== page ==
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Samoans could pay anywhere from $1 to $4.16 per kilogram

Samoans will have to start paying a hefty fee to fly on Samoa Air if they're overweight. 

Samoa Air is the first airline to make customers pay as much as they weigh when flying on the airline. For overweight customers, this could mean big charges. 

"This is the fairest way of travelling," said Chris Langton, chief executive of Samoa Air. "There are no extra fees in terms of excess baggage or anything – it is just a kilo is a kilo is a kilo."

Customers will have to start typing in their weight when purchasing Samoa Air tickets online, and pay anywhere from about $1 to about $4.16 per kilogram (depending on whether they're traveling short domestic routes or between Samoa and American Samoa). 

Once arriving at the airport, the customers are weighed again to make sure they didn't lie online. 


Why is Samoa Air doing this? According to Langton, it's partially meant to raise awareness of obesity and health, since Samoa is often in the top 10 lists for obesity. 

"When you get into the Pacific, standard weight is substantially higher [than south-east Asia]," said Langton. "That's a health issue in some areas. [This payment system] has raised the awareness of weight."

The payment by weight system will have other benefits, such as safety measures where a plane can only handle so many overweight customers (larger passengers have to be evenly distributed on the plane for safety); families with young children could pay much less than what they're paying now, and carriers could gain the money lost on fuel for carrying heavier passengers. 

Source: The Sydney Morning Herald



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RE: Fair is fair
By lagomorpha on 4/2/2013 10:51:32 AM , Rating: 3
quote:
There are also weight limits on airplanes and typically the smaller airplanes are the only ones we notice issues with weight.


Just to illustrate how bad this weight limit is, a Cesna 172's maximum takeoff weight allows for 759 pounds of fuel, pilot, 3 passengers, and cargo. With 3 fat guys the plane would never get off the ground.


RE: Fair is fair
By Lord 666 on 4/2/2013 11:18:21 AM , Rating: 2
When I used to live in the Caribbean, to fly between certain islands, we all had to be weighed. This was just because the airport had an adjacent mountain that certain planes could not get over if too heavy.


RE: Fair is fair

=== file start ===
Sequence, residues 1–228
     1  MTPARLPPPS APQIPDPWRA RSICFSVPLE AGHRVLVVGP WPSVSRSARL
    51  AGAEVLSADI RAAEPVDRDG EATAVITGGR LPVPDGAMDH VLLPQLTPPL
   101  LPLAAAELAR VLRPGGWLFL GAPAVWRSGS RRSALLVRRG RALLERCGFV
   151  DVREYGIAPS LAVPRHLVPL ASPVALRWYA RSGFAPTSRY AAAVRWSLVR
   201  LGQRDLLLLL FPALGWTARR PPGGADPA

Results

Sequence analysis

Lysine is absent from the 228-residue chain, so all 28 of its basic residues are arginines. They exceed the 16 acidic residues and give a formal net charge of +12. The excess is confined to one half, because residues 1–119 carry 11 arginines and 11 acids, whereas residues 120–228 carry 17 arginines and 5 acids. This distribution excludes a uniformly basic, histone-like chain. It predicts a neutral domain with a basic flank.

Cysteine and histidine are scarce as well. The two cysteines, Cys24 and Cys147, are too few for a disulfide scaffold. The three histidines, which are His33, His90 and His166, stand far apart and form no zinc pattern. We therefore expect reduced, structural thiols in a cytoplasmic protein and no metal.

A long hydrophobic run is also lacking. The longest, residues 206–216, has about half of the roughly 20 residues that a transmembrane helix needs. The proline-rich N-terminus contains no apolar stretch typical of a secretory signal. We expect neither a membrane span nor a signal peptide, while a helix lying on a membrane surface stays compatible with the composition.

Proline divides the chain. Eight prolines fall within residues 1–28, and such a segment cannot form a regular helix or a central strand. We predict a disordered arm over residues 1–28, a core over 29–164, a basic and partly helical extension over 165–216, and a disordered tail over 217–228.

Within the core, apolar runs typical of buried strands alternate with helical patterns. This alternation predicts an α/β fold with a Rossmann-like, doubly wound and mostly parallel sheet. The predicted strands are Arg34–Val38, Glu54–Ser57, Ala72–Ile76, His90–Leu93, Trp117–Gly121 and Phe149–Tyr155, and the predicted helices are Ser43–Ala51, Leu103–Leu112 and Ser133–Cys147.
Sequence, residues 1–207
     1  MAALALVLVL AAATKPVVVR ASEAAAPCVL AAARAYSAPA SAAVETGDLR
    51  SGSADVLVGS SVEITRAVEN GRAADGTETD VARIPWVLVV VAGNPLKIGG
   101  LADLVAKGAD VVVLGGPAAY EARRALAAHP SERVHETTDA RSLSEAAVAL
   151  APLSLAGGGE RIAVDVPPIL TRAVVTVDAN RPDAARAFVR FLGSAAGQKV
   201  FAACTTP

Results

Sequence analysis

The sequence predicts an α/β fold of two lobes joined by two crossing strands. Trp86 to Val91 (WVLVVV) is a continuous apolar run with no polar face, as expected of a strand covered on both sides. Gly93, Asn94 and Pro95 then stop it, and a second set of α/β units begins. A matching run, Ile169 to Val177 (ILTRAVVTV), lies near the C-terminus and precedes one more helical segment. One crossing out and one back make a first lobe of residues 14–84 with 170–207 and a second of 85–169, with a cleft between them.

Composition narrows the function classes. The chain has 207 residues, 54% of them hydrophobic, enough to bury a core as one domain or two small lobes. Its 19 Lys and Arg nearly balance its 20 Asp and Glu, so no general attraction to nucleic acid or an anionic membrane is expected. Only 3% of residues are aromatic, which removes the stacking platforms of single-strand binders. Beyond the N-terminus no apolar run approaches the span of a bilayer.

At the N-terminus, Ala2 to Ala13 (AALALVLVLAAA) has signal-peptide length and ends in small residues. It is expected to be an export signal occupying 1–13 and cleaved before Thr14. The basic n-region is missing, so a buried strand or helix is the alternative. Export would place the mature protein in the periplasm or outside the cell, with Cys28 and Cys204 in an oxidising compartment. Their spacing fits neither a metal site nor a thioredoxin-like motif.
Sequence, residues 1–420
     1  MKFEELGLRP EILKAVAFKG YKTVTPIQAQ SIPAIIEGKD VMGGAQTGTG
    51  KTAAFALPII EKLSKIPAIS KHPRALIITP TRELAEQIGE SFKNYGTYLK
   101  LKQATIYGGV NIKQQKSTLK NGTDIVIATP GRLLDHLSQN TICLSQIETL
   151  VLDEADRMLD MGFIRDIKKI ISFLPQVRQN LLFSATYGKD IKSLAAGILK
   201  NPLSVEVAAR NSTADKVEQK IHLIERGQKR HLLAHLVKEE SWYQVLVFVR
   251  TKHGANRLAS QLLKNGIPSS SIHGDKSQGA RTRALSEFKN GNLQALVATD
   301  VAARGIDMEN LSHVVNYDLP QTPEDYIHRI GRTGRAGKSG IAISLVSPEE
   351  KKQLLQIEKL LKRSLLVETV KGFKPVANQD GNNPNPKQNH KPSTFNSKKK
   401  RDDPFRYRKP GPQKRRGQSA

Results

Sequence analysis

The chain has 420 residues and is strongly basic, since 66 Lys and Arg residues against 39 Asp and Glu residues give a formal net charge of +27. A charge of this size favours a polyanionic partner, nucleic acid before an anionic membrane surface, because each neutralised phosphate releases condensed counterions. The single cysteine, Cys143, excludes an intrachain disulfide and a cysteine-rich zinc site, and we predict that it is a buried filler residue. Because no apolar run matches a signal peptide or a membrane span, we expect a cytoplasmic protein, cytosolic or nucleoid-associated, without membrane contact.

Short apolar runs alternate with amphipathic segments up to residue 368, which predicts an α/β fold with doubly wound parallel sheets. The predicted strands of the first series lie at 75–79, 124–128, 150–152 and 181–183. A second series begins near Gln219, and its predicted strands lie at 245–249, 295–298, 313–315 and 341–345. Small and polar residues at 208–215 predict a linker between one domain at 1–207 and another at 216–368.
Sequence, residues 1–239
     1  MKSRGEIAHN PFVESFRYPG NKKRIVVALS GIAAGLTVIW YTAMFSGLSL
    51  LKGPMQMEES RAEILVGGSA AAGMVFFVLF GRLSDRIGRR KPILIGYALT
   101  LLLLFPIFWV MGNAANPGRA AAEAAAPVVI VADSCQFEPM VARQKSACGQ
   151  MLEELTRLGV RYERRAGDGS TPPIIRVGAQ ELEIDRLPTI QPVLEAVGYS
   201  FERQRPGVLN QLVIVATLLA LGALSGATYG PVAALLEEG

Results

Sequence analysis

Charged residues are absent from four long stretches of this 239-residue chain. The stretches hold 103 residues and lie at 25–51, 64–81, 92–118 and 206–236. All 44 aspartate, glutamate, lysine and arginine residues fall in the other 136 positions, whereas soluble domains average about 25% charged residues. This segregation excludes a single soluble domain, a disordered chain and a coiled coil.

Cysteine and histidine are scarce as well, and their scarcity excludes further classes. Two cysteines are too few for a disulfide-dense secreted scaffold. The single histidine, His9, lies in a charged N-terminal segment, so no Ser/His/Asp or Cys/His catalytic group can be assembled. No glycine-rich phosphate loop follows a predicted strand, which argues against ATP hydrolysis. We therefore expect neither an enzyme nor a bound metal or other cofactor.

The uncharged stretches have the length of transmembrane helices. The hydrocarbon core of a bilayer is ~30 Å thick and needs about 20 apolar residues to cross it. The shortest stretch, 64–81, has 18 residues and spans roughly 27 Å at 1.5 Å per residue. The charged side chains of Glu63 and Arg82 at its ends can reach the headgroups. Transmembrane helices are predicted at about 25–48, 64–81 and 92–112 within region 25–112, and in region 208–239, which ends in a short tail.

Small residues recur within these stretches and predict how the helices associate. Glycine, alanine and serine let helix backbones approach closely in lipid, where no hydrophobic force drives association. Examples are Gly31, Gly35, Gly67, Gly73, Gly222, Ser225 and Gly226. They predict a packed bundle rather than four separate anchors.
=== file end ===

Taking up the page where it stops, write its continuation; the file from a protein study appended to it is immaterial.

By Solandri on 4/2/2013 3:15:57 PM , Rating: 4
There's another benefit to this too. Weight distribution is as important to an aircraft as the gross weight. Right now all the airlines just assume each passenger is an average weight and sitting in their assigned seating (yes it's important for you to sit in your assigned seat). The airline will shift the distribution of baggage and sometimes fuel to compensate for imbalances in the passenger load.

For the larger aircraft, the larger passenger pool means their assumed average has a higher probability to be closer to reality (as you roll more dice, the bell curve of their cumulative total becomes narrower). But with smaller commuter aircraft, just a few overweight people can cause a substantial deviation from the assumed average, leaving the plane unbalanced.


RE: Fair is fair
By Fritzr on 4/2/2013 4:59:57 PM , Rating: 3
It most definitely can affect US airlines. Cascade airlines went out of business shortly after people started referring to them as Crashcade. The final straw was a Cascade plane that crashed on takeoff due to a baggage imbalance.


RE: Fair is fair
By Dorkyman on 4/2/2013 1:11:39 PM , Rating: 2
I'm guessing you're speaking figuratively about the Cessna. It certainly could get off the ground, but all the specs get worse--longer ground roll, lower rate of climb, slightly higher stall speed, lower margins for extreme g-loads. But it could definitely fly.


RE: Fair is fair
By lagomorpha on 4/3/2013 9:47:35 AM , Rating: 2
quote:
It certainly could get off the ground,


A 1,691 lb plane might not even get off the ground with 2000 pounds of fat guys in it...


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